A Confident Schwarzenegger Steps Up Attacks on Davis
By CHARLIE LeDUFF
New York Times
Published: September 29, 2003
SANTA MARIA, Calif., Sept. 28 Appealing to Californians' feelings of a loss of control and joblessness, Arnold Schwarzenegger declared war today on Gov. Gray Davis and business as usual in Sacramento.
Promising deliverance without sacrifice and a balanced budget without tax increases, Mr. Schwarzenegger made it clear that he considered the recall race in its final days to have boiled down to two choices: himself and Mr. Davis.
Embarking on a salt-of-the-earth and baby-hugging tour across California today, the Republican action-movie hero depicted the election as a referendum on Mr. Davis's tenure, and painted a bleak picture of the state's financial condition, with businesses and residents pouring out to seek better lives in the Nevada desert.
Sticking with combat metaphors, Mr. Schwarzenegger said that Mr. Davis was a captain who had led his ship aground and that the final days of the campaign were sure to be bloody ones.
"Let me just now tell you something, this is now hand-to-hand combat, we are in the trenches, this is war," he told a crowd of 2,000 in a hangar here this afternoon. "Desperate Davis is going to do all kinds of tricks. He's going to start a dirty campaign now. We know how he is."
Mr. Schwarzenegger and his camp have been buoyed by internal polls and others indicating that he is surging past Lt. Gov. Cruz M. Bustamante, a Democrat, and State Senator Tom McClintock, a Republican.
Those polls also indicate that while Mr. Davis has gained ground over the past few weeks on the question of his removal, likely voters are still inclined to oust him on Oct. 7.
The Associated Press reported that a CNN/USA Today/Gallup poll released today showed 63 percent of probable voters saying they would vote "yes" on the recall question, and 35 percent voting "no."
Of those surveyed, Mr. Schwarzenegger was the choice of 40 percent, Lieutenant Governor Bustamante 25 percent and Mr. McClintock 18 percent, suggesting Mr. Schwarzenegger could become governor even if Republicans split their vote.
The poll of 787 registered voters used a model for probable voters that assumed a relatively high 50 percent turnout among the state's voting age population. It had a margin of sampling error of plus or minus four percentage points and was conducted Thursday through Saturday.
The spokesman for Mr. Davis's campaign, Peter Ragone, discounted the poll.
"It's a joke," Mr. Ragone told The Associated Press. "It is so far from what every other public poll and every other internal poll by both Democrats and Republicans have found."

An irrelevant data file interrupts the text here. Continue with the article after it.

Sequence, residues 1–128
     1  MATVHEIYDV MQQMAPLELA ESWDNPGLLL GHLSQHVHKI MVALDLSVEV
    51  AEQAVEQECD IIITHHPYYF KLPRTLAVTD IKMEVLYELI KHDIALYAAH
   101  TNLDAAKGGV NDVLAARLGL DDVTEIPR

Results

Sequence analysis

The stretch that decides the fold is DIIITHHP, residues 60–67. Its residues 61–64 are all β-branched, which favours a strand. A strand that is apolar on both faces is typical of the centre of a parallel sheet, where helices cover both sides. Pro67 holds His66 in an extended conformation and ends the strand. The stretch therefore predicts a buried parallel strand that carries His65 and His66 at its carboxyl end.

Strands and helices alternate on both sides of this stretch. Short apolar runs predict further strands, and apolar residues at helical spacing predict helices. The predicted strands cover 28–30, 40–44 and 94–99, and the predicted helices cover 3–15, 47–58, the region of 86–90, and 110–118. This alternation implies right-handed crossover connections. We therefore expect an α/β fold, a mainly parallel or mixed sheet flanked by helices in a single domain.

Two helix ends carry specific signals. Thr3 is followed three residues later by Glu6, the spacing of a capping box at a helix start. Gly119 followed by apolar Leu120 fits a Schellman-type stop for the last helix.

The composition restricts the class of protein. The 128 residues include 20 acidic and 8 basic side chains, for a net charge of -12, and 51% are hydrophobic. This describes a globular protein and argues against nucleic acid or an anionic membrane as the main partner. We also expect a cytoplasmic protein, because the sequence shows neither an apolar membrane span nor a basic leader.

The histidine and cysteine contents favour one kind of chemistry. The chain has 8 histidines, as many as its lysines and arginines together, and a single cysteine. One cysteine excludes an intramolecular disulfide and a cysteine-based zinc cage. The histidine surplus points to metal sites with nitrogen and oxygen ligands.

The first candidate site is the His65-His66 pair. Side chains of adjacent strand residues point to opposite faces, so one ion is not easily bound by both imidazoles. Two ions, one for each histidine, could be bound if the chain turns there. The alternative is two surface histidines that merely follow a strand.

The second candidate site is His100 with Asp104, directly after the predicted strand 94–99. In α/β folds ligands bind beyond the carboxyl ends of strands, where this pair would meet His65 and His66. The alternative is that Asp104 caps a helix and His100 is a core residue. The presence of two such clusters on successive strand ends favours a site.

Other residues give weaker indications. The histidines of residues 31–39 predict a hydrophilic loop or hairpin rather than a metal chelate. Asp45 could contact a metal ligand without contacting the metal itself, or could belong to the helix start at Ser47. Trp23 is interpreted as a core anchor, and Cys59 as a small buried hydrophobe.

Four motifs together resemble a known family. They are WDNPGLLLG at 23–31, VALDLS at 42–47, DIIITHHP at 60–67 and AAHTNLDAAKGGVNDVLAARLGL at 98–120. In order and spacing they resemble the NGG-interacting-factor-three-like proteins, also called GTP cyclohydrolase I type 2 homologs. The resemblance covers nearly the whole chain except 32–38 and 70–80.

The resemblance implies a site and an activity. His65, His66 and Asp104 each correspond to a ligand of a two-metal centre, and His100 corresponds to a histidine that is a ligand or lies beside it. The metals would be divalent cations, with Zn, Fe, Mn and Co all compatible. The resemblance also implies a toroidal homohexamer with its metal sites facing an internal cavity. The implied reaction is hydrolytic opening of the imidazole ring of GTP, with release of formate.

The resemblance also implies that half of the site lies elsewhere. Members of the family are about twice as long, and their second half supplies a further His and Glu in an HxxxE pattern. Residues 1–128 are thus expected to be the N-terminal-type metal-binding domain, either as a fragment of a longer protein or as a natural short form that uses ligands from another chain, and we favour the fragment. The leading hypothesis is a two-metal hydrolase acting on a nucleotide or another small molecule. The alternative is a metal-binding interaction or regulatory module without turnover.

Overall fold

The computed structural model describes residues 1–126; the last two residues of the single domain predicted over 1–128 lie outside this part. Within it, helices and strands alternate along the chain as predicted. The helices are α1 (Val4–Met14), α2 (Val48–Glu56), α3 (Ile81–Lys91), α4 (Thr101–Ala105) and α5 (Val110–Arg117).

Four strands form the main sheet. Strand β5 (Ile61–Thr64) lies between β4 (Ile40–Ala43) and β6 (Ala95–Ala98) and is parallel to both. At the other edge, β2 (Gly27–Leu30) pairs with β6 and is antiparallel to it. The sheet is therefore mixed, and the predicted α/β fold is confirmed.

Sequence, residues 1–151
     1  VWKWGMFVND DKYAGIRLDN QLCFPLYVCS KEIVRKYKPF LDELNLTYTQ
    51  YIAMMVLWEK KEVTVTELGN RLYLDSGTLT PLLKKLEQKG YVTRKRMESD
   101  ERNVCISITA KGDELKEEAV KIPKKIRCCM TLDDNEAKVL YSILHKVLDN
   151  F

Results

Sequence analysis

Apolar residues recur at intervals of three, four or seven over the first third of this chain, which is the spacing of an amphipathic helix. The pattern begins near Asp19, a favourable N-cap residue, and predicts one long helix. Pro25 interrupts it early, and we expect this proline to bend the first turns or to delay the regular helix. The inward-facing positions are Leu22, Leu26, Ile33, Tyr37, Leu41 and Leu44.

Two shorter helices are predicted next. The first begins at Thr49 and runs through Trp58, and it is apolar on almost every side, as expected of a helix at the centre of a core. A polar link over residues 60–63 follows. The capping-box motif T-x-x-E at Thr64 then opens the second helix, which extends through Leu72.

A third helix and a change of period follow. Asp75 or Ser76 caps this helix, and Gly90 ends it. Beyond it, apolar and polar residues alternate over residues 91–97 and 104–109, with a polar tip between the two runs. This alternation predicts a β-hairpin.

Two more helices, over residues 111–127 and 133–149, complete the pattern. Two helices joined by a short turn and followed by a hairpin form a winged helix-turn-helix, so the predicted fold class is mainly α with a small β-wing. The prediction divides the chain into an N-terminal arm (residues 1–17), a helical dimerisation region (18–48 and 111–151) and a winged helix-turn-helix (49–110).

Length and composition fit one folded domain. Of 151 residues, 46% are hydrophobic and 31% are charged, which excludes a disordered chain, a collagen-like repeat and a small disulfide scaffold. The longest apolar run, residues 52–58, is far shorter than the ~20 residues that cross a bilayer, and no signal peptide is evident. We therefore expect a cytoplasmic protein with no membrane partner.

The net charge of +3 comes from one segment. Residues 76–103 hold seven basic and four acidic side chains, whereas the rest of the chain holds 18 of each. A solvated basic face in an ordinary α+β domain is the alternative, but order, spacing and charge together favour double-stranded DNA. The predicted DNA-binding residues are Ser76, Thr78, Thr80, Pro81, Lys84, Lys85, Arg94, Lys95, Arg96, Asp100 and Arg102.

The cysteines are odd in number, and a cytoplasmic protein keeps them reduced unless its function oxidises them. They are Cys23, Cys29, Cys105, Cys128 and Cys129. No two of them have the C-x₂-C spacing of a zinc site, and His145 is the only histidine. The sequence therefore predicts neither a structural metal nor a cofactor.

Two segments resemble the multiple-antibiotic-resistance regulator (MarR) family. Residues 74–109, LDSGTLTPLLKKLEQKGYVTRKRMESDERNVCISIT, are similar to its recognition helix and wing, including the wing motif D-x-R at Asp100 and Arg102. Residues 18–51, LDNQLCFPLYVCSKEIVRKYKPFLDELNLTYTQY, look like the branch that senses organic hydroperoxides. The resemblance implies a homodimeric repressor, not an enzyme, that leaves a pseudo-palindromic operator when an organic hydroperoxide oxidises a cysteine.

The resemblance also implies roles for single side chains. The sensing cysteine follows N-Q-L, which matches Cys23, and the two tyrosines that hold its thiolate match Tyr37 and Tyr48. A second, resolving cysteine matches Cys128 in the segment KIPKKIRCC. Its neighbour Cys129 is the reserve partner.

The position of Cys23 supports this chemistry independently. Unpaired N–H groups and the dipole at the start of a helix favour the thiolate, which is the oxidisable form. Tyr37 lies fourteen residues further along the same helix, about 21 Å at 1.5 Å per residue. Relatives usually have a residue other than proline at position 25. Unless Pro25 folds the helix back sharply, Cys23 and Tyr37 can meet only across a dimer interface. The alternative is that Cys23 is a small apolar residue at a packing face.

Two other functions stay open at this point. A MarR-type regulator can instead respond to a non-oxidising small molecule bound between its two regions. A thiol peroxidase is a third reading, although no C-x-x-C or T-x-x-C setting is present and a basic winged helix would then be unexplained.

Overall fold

Today, with his new television commercials depicting Mr. Davis's California as a place of broken dreams and profligate spending, Mr. Schwarzenegger told his supporters he was the best person to lead California. He flew to Monterey and Redding this afternoon to deliver his message to bused-in supporters.
Mr. Davis has begun hammering at Mr. Schwarzenegger, challenging him to a debate on "Larry King Live." On Saturday, he mustered some of his strongest language of the campaign, suggesting that Mr. Schwarzenegger had distorted his record and run a negative campaign despite promises not to do so.
"When he overstates or misstates the facts, I am going to correct him," Mr. Davis said in a visit to a Los Angeles center for the elderly. He also struck back with his own commercials, saying Mr. Schwarzenegger had no experience, ducked debates, dodged the news media and had not voted in 13 of the previous 20 elections.
Aides to Mr. Schwarzenegger have denounced Mr. Davis's tactics as the desperate clawing of a political animal sensing his own extinction.
"We expect a vicious round of attacks," said Sean Walsh, a spokesman for Mr. Schwarzenegger. "It's been his career trademark. So if he wants to go that way, we're going to focus on his record and on the man himself."
As for Mr. Schwarzenegger's voting record, his lawyer said that he had voted consistently over the past 10 years but that on numerous occasions his absentee ballots were not counted for some reason and were destroyed.
"He may have forgotten to sign them," said his lawyer, Colleen McAndrews. "I've advised him to vote in person from now on."
In this last full week of the race, Californians can expect wall-to-wall commercials. Mr. Schwarzenegger is spending $2 million a week on advertising, and Mr. Davis and his supporters are likely to match it. Though a court ruled that Mr. Bustamante could not use nearly $4 million raised through an old campaign account, an Indian tribe with gambling interests has infused nearly $2 million into his campaign.
Mr. McClintock has also received sizeable contributions from a tribe, and the Republican Governors Association plans to spend $1 million on advertisements against Mr. Bustamante.
Mr. Schwarzenegger, once Hollywood's highest-grossing box-office attraction, told the audience in Santa Maria today that a person who had egged him a few weeks ago in Long Beach had been apprehended. "He was a movie critic."